The business model of companies like Uber and Lyft, with their reliance on a vast force of independent contractors, may soon be facing an existential threat in New York State.
A group of labor advocates has formed a coalition seeking to impose a new standard in New York for what qualifies as an “independent contractor.” The coalition takes direct aim at Uber’s and Lyft’s contention that it does not have to provide employee benefits like unemployment insurance to its workers because they are independent contractors, not actual employees.
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“These workers are exploited every single day,” said Alison Hirsh, the political director at 32BJ, one of the coalition members. “They are treated incredibly poorly. Their income is not reliable. Their health and welfare standards are incredibly low. They’re at the whim of these companies that dictate the terms of their work.”
The law the coalition is seeking would apply to Uber and Lyft drivers, and also to nail salon workers and bike delivery workers for Door Dash.
“Our approach is really saying it’s got to be universal standards,” said Bhairavi Desai, executive director of the New York Taxi Workers Alliance, another coalition member. Other members include the New York Nail Salon Workers Association, the Legal Aid Society, Make the Road New York, an affiliate of SEIU and the National Employment Law Project.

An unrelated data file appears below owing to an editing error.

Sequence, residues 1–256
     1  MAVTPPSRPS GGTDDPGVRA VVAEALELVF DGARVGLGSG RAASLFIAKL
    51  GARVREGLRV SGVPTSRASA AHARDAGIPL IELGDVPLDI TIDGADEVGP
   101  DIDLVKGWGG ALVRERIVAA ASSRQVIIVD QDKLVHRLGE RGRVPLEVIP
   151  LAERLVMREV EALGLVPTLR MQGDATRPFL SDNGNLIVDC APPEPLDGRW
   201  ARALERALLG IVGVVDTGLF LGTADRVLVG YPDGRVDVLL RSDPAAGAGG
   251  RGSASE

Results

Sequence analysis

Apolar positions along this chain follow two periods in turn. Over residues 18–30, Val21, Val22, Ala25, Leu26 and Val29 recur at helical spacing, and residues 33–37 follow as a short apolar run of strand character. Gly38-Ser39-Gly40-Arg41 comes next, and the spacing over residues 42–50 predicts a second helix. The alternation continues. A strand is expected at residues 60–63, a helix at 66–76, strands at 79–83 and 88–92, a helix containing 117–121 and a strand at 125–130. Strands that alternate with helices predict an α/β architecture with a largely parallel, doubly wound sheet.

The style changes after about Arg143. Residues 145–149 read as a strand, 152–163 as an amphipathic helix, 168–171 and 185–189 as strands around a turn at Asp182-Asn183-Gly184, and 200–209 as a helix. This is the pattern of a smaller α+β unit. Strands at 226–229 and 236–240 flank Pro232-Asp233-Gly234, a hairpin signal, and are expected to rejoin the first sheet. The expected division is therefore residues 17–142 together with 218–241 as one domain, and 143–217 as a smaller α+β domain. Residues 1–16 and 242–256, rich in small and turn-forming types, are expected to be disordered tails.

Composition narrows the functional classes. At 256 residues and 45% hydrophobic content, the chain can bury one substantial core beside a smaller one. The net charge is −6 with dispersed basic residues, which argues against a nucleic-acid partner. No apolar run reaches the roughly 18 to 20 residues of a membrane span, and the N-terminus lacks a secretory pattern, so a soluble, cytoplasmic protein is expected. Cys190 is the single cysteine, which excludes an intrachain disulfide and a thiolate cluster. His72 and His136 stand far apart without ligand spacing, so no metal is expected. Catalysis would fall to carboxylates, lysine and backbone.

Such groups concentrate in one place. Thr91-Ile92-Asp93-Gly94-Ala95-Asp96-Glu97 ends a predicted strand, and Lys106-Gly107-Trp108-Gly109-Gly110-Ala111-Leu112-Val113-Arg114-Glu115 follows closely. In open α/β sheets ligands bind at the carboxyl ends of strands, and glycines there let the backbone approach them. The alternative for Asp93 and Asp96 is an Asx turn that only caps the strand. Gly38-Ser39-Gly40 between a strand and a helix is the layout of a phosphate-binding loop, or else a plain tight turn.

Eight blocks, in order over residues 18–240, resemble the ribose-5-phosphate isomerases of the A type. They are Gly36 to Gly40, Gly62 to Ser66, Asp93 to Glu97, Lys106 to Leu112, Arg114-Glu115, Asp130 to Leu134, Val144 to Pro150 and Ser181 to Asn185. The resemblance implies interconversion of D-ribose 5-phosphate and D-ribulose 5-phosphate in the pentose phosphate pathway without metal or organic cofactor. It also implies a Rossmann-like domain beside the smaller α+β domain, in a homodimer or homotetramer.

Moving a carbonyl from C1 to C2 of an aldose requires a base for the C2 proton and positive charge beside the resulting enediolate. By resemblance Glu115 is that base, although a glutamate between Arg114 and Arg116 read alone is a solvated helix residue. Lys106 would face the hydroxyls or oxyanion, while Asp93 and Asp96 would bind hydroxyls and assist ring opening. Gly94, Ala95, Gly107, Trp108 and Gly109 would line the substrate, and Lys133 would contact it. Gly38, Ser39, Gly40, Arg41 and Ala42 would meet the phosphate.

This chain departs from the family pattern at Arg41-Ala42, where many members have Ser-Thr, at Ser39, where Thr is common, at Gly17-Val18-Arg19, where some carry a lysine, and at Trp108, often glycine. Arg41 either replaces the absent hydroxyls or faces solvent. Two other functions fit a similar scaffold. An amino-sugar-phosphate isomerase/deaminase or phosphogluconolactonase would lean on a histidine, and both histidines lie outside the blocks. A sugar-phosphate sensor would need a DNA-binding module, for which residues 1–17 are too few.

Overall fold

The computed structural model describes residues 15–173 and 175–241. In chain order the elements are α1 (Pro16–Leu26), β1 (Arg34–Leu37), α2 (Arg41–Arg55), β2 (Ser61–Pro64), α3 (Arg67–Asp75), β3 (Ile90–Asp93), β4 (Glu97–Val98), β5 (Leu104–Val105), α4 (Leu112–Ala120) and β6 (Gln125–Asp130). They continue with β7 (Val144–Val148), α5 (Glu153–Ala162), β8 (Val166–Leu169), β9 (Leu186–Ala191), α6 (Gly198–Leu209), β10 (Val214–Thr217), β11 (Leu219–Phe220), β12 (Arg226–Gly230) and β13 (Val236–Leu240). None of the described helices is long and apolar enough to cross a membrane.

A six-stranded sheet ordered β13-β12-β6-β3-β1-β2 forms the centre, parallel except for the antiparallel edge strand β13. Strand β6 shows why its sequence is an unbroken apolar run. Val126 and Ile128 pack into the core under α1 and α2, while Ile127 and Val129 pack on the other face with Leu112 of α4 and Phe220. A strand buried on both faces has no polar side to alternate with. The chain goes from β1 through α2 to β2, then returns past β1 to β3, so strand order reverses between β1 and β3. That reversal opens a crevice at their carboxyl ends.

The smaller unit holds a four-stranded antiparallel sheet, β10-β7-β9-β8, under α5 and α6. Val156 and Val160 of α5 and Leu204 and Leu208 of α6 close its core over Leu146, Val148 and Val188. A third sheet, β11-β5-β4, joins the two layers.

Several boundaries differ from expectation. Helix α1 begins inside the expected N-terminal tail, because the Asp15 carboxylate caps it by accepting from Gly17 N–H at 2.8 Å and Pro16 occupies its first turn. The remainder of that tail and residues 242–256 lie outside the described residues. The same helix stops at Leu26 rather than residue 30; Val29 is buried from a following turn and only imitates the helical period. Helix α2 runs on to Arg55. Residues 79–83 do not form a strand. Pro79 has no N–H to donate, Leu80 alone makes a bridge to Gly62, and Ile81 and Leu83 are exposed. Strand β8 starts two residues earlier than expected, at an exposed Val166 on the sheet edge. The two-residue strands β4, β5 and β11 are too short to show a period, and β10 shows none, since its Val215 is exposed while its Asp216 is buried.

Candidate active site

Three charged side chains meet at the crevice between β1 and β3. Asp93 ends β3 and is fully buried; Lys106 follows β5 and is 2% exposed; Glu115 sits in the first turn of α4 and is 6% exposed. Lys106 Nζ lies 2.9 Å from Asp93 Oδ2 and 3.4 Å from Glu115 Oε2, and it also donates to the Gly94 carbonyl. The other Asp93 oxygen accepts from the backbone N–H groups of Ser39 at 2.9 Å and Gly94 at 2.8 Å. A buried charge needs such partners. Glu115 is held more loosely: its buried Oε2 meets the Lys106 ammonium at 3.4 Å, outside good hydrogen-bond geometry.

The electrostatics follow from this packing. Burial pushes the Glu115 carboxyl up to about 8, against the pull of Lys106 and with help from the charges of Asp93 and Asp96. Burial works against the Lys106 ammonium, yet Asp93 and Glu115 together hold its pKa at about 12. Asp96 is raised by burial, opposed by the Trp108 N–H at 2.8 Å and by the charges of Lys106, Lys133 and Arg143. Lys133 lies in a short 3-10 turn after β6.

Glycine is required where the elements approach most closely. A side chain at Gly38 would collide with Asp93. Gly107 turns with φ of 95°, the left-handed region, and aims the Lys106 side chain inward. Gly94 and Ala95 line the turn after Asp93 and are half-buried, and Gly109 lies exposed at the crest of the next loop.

The proposed law would call for a three-part test to determine if in fact a worker is an employee. The so-called “ABC test” would find a worker an independent contractor, not an employee, if the worker is “free from control and direction in how they operate in their day to day job;” “performing services that are outside an employer’s usual course of business;” and “engaging in an independent trade.”
California is in the process of passing a similar bill, an effort that has sparked a firestorm among tech-sector players. Uber, Lyft and Door Dash have vowed to spend up to $90 million fighting the effort.
Spokespeople for Uber and Lyft had no immediate comment. Nor did spokespeople for the New York State Senate. A spokesperson for Gov. Andrew Cuomo had no immediate comment.
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